Fellow entrepreneurs either acting individually or through some formal lending platform such as a business fund, may be willing to lend money to colleagues or club members at concessionary rates that are significantly lower than loans from commercial sources.

Peer-to-peer lending [P2P] is an online lending method for personal and business use. P2P lending by-passes the regular financial institutions and yet performs the same function as financial institutions of bringing lenders and borrowers together. At the centre of peer-to-peer lending is a company that acts as a broker and underwriter of the loans. There are many peer-to-peer lending platforms that offer varying amounts of money and have different target markets. Examples of peer-to-peer lenders include: Prosper Marketplace, Link, Circleback Lending, Rainfin, Ratesetter, landbay, Peerform, SoFi, Lending Club, Upstart and Funding Circle.

In the case of purchase order financing, an entrepreneur will have secured an order to supply goods or services to particular customers. However, for some reason, the entrepreneurs do not have the money to finance the fulfilment of the order. Therefore, they can approach a bank to provide order financing minus bank charges for financing the order. Entrepreneurs will usually make a down payment in order to reduce the amount to be paid in bank fees. Some of the common reasons behind an entrepreneur not having money to fulfil an order are that: (a.) the business may be growing too fast and (b.) the business may have large accounts receivable that have not yet become due or have not yet been collected. Purchase order financing is a form of asset backed financing in which the underlying asset acts as collateral for short or long-term financing. The underlying asset can be anything from inventory, equipment, machinery, real estate or accounts receivable.

Contract-based financing is often applied where an entrepreneur lacks capital and even skills to undertake production of commodities but own some basic infrastructure that can be used by a third party to expand their production capacity. Therefore, an entrepreneur can rent out their infrastructure and productive capacity to third parties that need them. In its most basic form, the contractor [the company giving out contracts] approaches the entrepreneurs or farmers and enters into an agreement with them to supply a product or commodity meeting certain defined specifications. The contractor will supply the specifications, the training, the inputs or raw materials, the technical support and the supervision. In return, the entrepreneurs undertake to supply their entire production to the contractor at an agreed price that is set before production. At the end of the production cycle, the entrepreneurs will hand over the entire production to the contractor. The contractor in turn will deduct his expenses [input costs, training and administration] and the entrepreneurs will remain with the balance as their profit. While it is not perfect, contract-based financing can be a good way to raise money for entrepreneurs that are starting with nothing but some basic infrastructure that they own. Repeating the contract financing process a few times can put entrepreneurs in a position where they have enough resources and finance to develop their own businesses.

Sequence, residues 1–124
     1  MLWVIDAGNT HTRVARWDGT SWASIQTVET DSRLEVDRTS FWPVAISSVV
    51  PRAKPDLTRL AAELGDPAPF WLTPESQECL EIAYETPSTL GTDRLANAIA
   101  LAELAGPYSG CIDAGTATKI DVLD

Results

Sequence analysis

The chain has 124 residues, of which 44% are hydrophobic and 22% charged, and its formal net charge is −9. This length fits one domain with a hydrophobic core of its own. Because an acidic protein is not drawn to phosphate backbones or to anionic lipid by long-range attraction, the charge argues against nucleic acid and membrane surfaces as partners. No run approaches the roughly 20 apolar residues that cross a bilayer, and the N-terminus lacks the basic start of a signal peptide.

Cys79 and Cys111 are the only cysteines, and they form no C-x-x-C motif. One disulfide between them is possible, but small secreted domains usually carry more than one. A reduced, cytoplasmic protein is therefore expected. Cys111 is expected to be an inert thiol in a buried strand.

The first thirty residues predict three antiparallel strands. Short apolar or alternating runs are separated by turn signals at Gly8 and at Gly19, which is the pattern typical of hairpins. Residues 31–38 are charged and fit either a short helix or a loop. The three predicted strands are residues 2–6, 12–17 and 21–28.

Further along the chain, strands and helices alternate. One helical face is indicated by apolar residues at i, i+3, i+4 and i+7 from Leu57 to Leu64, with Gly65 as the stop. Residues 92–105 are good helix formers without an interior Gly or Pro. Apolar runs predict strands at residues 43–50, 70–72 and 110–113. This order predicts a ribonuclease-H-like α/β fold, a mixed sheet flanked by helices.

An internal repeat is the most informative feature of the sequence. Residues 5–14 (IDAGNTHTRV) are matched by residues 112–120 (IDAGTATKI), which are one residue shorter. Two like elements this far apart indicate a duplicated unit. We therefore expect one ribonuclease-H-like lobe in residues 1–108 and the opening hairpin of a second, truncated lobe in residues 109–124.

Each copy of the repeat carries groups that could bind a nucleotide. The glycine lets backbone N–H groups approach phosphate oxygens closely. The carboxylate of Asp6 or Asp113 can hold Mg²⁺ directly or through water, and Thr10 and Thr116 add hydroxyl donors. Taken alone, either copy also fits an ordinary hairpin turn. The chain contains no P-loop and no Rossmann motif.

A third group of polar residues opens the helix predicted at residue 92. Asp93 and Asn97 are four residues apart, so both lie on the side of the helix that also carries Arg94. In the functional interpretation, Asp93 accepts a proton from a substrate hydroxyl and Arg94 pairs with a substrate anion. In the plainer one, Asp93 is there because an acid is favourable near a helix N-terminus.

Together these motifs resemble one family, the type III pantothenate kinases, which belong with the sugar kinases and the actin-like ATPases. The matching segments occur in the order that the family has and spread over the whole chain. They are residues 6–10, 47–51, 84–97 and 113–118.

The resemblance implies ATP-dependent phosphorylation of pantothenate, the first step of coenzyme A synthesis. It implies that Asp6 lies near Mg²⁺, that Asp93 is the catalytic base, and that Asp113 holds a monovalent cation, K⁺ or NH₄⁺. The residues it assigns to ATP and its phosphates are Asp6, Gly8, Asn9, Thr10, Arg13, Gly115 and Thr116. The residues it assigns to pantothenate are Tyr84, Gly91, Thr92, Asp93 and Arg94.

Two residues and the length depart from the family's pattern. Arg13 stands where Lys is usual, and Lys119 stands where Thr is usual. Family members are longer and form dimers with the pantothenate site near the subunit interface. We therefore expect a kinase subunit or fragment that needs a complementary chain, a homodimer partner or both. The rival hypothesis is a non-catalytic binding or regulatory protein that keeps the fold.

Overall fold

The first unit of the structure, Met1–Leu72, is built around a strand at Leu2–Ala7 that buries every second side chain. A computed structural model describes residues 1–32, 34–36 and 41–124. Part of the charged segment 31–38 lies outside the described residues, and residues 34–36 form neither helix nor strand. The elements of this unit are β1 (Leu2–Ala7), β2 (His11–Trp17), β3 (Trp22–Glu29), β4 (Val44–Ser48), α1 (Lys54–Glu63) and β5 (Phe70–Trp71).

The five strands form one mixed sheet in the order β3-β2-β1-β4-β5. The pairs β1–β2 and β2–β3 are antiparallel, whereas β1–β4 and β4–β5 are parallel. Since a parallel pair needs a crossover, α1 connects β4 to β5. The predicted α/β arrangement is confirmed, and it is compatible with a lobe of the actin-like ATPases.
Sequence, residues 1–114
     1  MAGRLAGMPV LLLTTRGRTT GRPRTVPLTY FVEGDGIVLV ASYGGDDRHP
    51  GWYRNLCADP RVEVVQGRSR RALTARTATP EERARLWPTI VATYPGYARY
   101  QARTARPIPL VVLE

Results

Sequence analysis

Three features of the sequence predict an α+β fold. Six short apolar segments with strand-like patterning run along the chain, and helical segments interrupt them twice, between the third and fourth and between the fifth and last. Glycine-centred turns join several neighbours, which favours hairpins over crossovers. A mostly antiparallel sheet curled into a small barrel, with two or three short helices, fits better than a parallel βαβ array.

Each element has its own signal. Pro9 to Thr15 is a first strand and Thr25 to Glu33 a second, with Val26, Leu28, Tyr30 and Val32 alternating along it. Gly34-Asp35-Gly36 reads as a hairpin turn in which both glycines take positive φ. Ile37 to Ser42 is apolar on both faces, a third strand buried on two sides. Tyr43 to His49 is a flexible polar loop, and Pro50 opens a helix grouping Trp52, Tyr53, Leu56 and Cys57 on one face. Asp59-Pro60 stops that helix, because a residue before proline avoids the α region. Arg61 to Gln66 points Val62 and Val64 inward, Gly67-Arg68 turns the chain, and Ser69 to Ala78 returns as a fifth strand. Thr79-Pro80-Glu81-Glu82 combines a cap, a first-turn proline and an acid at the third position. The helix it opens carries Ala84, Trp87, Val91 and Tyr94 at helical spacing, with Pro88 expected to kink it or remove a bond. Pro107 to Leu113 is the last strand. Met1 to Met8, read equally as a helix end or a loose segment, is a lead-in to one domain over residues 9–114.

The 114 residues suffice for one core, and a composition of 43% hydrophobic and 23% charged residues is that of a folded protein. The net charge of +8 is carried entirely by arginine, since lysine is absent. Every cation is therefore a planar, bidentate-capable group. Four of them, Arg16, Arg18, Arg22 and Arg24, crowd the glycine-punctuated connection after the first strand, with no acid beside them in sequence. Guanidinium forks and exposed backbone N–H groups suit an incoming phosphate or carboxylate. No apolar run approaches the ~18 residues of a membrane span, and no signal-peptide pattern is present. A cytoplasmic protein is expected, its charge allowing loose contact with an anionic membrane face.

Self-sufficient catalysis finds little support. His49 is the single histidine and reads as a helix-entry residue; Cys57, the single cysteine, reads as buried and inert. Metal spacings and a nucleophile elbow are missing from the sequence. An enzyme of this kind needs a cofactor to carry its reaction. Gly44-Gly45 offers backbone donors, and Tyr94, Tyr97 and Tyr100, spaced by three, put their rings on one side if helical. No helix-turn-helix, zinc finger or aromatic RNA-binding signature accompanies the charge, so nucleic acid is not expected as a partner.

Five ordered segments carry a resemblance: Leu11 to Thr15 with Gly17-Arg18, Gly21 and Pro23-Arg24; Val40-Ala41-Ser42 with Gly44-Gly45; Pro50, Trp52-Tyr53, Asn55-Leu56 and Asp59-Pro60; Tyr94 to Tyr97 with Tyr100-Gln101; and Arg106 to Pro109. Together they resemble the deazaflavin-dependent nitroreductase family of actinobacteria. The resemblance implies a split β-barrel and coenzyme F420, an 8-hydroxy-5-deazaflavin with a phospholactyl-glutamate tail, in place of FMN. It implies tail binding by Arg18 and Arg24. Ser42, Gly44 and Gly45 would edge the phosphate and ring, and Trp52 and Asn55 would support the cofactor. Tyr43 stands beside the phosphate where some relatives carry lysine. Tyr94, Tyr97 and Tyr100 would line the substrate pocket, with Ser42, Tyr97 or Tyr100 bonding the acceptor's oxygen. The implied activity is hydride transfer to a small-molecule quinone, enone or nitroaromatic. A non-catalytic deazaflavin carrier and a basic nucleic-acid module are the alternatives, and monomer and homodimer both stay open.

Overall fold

Warehouse financing also known as warehouse receipt financing is another asset-based financing method. This form of debt financing is more suited for agricultural sector financing than any other sector. Warehouse financing is used where entrepreneurs wish to take advantage of a future increase in the price of a commodity that they have produced or where they wish to stock up a commodity to reach a certain volume before it is sold. For these reasons, the current production stocks are warehoused. In the meantime, working capital needs will be financed through a loan while the entrepreneurs wait for the required condition to be materialise. The loan is secured by the merchandise that has been warehoused.

Therefore, it is important to make an accurate determination financial needs of a business based on actual costs, good estimates and good forecasts. Entrepreneurs should seek the right size of funding, with a reasonable buffer just in case.